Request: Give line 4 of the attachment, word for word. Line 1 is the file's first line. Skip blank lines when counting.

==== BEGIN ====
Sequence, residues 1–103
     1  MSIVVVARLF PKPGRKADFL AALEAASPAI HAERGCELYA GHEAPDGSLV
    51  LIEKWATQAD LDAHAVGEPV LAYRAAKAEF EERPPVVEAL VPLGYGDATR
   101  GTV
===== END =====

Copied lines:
   101  GTV